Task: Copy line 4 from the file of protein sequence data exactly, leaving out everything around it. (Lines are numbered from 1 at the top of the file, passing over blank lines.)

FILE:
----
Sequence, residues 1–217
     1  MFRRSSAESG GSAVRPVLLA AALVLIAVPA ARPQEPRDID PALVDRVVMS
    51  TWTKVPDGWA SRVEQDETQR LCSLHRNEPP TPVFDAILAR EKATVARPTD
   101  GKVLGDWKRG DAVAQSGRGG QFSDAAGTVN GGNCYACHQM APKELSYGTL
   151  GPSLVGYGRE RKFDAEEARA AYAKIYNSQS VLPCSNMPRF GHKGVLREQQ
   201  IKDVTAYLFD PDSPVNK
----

   101  GKVLGDWKRG DAVAQSGRGG QFSDAAGTVN GGNCYACHQM APKELSYGTL